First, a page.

5 Written questions
5 Matching questions
- Rhetorical Shift
- Non sequitur
- a a deliberate omission of conjunctions in a series of related clauses; it speeds the pace of the sentence.
- b A change from one tone, attitude, etc. Look for key words like but, however, even though, although, yet, etc.
- c a statement that does not follow logically from evidence
- d The appearance of truth, actuality, or reality; what seems to be true in fiction.
- e the deliberate use of many conjunctions for special emphasis - to highlight quantity or mass of detail or to create a flowing continuous sentence pattern. It slows the pace of the sentence.
5 Multiple choice questions
- sentence that exhorts, advises, calls to action
- An expression peculiar to a particular language that means something different from the literal meaning of the words.
- The central idea or ideas of a work of fiction or nonfiction, revealed and developed in the course of a story or explored through argument.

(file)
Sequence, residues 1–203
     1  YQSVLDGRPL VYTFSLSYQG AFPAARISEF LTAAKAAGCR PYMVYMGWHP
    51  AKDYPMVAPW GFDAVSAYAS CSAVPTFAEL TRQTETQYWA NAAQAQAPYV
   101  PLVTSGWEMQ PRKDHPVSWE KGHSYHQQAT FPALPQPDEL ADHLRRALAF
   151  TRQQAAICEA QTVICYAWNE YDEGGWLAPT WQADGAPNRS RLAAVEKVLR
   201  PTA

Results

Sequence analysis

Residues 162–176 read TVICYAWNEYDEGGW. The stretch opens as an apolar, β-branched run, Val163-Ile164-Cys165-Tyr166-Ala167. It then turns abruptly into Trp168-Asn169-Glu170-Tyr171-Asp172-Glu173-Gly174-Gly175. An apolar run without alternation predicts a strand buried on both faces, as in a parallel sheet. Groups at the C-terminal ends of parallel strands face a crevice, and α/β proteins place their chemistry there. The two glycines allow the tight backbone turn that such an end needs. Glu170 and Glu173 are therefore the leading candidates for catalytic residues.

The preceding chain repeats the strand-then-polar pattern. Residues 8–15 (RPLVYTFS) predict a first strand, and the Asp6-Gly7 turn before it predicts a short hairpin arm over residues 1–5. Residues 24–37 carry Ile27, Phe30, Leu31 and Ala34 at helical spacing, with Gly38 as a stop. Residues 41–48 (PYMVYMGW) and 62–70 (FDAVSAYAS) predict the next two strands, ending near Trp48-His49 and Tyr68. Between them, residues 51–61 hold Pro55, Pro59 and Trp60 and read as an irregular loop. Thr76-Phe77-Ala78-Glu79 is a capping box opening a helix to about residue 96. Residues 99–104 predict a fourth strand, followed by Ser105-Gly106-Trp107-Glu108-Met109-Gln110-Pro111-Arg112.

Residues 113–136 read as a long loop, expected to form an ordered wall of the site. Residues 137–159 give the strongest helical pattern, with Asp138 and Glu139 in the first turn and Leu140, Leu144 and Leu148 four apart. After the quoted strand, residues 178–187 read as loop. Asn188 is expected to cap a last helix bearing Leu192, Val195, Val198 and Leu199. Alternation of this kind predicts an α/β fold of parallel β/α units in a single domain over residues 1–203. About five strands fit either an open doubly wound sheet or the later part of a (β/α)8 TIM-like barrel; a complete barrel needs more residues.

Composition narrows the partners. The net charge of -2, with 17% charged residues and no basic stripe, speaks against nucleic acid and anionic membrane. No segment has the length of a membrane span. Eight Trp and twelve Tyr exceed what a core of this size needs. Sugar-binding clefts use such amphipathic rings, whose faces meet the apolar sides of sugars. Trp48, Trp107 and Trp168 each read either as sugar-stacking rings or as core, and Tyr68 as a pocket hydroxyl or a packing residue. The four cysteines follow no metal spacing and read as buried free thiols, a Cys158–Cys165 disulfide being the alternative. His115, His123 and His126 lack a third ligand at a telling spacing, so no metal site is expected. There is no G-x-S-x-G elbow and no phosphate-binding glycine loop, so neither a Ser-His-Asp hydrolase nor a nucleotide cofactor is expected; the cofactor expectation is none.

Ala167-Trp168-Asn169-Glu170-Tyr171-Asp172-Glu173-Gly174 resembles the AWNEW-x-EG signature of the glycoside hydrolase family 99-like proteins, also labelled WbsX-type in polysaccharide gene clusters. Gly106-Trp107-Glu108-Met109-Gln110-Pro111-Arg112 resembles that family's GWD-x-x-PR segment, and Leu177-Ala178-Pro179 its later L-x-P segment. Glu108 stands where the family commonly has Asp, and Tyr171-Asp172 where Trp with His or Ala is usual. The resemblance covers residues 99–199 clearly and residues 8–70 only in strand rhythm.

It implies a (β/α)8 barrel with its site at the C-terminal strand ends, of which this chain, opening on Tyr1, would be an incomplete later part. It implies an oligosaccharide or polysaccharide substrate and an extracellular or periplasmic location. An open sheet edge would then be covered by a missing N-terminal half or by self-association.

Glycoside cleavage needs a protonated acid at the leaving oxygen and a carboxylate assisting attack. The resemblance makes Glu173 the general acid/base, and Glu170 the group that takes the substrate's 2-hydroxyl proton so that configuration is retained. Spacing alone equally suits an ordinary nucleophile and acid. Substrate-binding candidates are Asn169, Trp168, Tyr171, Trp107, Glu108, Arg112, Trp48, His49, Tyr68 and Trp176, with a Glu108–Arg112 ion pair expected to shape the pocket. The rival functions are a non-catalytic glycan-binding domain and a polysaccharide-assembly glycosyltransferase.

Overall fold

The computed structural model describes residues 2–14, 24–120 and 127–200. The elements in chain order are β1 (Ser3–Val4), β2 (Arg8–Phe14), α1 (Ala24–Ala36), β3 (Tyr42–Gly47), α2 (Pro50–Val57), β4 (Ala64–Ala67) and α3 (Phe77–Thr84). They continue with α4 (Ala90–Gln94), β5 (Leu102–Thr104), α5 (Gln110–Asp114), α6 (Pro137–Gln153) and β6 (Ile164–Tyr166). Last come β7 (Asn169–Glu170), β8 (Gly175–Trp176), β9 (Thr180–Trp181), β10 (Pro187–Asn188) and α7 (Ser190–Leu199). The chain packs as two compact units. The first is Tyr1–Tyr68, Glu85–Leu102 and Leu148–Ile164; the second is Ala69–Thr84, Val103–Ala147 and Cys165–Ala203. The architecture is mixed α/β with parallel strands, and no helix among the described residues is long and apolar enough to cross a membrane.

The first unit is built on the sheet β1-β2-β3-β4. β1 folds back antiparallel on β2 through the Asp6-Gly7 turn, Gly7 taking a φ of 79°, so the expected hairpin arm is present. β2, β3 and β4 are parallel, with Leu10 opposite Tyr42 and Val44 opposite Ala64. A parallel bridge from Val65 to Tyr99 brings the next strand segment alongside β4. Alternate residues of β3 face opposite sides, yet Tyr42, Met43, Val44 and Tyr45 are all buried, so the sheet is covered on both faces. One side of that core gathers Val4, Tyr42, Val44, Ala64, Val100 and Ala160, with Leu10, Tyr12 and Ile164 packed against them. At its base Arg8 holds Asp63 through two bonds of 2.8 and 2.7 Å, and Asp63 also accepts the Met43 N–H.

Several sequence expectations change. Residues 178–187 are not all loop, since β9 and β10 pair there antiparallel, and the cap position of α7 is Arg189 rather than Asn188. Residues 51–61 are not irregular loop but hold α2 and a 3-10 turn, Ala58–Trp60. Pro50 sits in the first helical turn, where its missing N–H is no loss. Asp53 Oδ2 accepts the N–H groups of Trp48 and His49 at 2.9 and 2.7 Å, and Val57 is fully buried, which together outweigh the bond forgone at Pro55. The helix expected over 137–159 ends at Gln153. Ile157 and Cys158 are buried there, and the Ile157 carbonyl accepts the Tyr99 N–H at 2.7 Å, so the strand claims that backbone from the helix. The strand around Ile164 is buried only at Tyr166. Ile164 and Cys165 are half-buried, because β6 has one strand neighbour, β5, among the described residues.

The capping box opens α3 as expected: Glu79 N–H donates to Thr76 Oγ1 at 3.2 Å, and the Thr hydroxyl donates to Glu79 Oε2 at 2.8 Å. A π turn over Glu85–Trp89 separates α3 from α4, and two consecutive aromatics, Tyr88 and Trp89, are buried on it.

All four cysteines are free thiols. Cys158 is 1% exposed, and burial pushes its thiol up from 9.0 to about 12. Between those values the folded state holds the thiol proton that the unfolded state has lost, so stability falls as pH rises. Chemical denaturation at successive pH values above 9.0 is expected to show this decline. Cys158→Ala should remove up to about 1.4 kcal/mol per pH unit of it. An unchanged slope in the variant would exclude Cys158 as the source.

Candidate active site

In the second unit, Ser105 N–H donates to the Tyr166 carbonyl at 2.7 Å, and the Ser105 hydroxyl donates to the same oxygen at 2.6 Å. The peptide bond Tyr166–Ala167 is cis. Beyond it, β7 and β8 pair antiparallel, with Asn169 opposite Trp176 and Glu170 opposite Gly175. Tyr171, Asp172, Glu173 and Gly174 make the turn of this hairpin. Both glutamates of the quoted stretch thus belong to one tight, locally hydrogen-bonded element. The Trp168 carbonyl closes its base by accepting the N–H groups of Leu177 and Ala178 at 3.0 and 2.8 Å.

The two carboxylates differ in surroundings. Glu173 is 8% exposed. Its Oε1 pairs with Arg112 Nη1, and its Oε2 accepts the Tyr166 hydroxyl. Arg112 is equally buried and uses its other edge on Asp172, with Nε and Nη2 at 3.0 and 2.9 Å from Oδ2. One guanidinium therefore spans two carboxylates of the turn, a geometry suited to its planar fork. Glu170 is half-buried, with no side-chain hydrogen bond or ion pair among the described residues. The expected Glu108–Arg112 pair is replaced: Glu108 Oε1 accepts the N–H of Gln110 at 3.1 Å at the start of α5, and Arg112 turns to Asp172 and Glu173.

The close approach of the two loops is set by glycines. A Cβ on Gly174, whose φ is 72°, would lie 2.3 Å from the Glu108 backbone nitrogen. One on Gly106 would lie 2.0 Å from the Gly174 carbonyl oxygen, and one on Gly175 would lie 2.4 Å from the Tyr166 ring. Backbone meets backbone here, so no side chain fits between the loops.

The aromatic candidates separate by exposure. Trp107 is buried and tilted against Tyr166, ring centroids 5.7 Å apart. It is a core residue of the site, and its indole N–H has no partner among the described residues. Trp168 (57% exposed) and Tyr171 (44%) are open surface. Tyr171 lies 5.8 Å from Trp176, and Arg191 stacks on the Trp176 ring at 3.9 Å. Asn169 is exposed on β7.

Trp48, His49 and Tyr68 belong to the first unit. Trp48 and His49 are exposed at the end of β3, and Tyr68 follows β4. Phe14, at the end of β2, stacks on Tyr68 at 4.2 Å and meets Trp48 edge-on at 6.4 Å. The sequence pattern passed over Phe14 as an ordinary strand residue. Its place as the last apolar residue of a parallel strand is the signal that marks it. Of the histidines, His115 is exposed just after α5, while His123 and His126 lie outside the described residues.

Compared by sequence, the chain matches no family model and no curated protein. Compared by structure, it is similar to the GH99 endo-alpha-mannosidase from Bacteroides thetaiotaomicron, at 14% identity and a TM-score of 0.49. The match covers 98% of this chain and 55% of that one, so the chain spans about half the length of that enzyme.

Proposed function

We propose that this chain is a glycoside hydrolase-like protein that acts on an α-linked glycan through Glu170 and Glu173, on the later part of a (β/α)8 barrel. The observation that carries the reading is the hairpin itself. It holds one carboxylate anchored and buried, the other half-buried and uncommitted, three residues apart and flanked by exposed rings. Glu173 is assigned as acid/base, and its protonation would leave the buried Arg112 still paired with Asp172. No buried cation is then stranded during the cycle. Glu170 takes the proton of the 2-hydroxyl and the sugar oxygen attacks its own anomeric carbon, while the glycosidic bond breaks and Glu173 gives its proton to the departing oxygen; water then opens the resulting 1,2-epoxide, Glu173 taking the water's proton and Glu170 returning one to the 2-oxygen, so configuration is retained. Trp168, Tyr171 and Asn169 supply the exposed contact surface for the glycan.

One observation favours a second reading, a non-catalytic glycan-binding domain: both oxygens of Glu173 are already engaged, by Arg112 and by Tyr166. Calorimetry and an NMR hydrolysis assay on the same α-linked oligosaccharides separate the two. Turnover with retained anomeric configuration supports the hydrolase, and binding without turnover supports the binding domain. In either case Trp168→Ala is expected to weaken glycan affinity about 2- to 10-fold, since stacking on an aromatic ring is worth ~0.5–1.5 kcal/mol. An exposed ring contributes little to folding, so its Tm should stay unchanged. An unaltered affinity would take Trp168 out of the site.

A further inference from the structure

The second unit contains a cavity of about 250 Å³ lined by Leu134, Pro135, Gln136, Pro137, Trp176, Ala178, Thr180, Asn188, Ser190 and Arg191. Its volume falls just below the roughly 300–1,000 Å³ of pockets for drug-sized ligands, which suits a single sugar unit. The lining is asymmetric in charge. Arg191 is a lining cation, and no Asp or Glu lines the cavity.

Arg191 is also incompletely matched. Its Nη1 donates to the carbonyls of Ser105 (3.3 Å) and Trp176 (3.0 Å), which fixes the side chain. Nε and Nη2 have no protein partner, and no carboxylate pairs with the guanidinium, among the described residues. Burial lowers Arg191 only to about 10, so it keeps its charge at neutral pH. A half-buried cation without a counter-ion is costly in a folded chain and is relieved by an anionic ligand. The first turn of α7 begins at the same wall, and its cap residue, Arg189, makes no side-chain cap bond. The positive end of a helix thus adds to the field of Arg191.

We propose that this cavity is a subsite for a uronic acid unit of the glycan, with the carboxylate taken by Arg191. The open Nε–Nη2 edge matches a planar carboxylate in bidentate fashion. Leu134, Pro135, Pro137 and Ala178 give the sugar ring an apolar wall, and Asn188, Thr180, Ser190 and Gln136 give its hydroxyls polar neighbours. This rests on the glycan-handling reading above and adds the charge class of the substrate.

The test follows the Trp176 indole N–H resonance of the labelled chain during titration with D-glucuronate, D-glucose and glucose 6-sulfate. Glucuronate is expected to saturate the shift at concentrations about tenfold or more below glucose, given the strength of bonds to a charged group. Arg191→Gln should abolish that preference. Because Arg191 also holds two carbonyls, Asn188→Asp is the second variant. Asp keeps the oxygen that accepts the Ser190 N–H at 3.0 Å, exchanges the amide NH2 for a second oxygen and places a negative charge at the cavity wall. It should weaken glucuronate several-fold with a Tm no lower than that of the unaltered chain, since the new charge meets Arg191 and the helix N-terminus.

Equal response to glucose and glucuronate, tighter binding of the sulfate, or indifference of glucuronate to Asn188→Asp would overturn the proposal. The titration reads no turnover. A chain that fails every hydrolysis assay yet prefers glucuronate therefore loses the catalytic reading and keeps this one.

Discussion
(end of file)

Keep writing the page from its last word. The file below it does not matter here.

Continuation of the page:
- Interruption in the present action of a plot to show events that happened at an earlier time.
- placing two elements side by side to present a comparison or contrast
5 True/False questions
Anaphora → the repetition of words or phrases at the beginning of consecutive lines or sentences
Anecdote → A brief recounting of a relevant episode. Anecdotes are often inserted into fictional or non-fictional texts as a way of developing a point or injecting humor.
Suspense → Any writing that is not poetry.
Cumulative sentence → a sentence in which the main independent clause is elaborated by the successive addition of modifying clauses or phrases
Epiphet → adj or other descriptive phrase regularly used to characterize a person, place, or thing